The Boy Scouts of America’s “perversion files” are stored in locked cabinets at the organization’s headquarters in Texas, accessible to only a few people.
The documents detail allegations of sexual abuse against expelled Scout leaders, ostensibly to prevent them from participating in Scouting again.
"It is a fact that Scouts are safer because the barrier created by these files is real," Boy Scouts Chief Executive Robert Mazzuca said in June.
But a review of the files by the Los Angeles Times found that more than 125 men on the blacklist were able to access – and allegedly continue to prey on – Boy Scouts.
Some falsified their identities, while others took advantage of shoddy bookkeeping to turn up at other Boy Scout troops.
One Minnesota man spent time behind bars for abusing a boy and returned to lead his troop again as soon as he was released in 1991, the Times found.
An Indiana scoutmaster who was convicted in 1970 of abusing a 14-year-old boy went on to lead two troops in Illinois from 1971 to 1988. He eventually confessed to assaulting more than 100 other boys and was sentenced to 100 years in prison.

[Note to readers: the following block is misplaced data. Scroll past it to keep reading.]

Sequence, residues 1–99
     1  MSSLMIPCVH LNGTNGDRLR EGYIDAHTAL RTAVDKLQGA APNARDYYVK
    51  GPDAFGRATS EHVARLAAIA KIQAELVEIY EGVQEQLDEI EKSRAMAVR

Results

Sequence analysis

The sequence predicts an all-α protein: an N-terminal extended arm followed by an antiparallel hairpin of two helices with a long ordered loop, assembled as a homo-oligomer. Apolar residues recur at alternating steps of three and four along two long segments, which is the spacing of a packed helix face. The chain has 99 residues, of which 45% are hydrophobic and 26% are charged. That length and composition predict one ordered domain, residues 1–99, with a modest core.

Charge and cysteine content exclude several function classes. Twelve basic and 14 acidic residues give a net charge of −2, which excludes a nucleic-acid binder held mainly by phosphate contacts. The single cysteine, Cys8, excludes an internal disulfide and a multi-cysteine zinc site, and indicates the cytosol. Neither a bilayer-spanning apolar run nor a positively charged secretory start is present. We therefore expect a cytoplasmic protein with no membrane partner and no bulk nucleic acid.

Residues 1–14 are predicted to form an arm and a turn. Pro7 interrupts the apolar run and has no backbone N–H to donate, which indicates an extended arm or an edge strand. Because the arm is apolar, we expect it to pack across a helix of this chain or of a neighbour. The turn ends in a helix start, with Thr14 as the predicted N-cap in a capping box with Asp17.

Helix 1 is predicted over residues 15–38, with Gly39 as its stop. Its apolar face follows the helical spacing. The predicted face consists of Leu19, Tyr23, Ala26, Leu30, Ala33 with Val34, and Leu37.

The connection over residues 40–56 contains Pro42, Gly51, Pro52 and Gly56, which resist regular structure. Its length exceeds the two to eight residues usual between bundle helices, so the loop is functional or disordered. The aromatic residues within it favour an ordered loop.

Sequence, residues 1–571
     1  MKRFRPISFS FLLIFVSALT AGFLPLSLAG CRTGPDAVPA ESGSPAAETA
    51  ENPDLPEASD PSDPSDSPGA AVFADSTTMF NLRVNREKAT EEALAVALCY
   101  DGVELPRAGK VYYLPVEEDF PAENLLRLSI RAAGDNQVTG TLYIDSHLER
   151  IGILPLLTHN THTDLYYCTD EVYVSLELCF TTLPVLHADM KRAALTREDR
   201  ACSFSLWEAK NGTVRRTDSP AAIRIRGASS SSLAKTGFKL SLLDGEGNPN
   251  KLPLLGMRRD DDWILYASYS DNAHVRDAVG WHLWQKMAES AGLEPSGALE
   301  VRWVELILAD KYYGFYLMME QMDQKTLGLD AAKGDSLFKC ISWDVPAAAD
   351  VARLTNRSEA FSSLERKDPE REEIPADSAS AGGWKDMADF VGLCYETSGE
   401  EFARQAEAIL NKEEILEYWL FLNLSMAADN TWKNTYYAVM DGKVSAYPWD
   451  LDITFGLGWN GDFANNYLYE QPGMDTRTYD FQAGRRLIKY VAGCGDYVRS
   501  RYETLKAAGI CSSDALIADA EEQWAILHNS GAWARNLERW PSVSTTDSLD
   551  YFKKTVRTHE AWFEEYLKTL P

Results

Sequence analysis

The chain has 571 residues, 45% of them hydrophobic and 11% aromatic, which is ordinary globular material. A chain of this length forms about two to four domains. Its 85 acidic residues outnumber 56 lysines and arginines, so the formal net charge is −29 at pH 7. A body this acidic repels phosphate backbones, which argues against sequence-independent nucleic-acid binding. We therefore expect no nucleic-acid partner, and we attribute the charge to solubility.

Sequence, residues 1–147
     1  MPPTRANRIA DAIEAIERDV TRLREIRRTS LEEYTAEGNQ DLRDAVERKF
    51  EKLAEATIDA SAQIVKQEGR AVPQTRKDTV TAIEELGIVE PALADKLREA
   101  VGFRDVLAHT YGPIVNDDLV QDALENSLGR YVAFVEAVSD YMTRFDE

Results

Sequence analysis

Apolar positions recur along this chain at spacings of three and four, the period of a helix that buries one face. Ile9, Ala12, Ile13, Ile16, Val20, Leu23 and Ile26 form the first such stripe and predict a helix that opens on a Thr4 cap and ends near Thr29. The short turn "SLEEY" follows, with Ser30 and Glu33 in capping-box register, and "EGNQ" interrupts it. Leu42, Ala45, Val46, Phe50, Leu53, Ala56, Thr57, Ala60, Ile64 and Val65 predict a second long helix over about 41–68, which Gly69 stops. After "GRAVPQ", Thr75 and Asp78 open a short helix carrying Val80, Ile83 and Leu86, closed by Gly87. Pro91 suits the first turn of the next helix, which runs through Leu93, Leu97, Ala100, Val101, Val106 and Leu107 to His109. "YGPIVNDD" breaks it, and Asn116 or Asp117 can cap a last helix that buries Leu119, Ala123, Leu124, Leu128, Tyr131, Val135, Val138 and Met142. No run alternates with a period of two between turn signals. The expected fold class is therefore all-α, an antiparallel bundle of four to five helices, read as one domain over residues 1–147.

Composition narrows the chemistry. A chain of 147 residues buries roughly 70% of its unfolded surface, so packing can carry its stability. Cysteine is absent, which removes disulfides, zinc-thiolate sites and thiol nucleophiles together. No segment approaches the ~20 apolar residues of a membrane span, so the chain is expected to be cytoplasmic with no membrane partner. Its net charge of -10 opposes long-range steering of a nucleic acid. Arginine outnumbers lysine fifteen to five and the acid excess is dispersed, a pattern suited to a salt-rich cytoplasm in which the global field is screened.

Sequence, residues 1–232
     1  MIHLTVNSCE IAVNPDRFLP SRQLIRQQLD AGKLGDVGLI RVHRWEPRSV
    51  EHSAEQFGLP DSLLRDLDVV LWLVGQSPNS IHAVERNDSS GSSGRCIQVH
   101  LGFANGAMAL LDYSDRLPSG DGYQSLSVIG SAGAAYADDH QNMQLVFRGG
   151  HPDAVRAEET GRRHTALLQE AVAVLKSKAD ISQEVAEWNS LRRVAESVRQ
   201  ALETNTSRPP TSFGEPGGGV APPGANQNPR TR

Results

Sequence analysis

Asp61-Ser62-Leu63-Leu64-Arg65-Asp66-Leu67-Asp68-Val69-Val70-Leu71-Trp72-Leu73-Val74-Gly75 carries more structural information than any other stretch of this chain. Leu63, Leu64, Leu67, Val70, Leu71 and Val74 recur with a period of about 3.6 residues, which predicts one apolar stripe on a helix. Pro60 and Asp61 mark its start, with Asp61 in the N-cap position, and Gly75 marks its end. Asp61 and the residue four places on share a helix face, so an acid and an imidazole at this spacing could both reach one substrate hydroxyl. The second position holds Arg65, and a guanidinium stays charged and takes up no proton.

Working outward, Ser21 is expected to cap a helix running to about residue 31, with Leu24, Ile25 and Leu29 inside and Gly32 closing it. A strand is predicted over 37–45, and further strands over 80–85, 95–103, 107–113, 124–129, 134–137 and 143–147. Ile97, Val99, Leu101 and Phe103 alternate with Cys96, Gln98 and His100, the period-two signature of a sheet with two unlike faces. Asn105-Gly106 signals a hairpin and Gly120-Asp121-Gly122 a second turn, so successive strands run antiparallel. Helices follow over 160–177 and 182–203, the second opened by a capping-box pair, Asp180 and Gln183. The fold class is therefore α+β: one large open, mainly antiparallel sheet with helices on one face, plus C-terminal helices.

The “ineligible volunteers” files have existed since 1919. They were computerized in 1975.
Until 1988, Scout leaders accused of child abuse only faced probation, not immediate expulsion. A criminal background check requirement was added in 2008, and in 2010 the Boy Scouts officially required suspected abuse be reported to police.
In response to the Los Angeles Times,’ review, the organization said in a statement, "The Boy Scouts of America believes even a single instance of abuse is unacceptable, and we regret there have been times when the BSA's best efforts to protect children were insufficient. For that we are very sorry and extend our deepest sympathies to victims."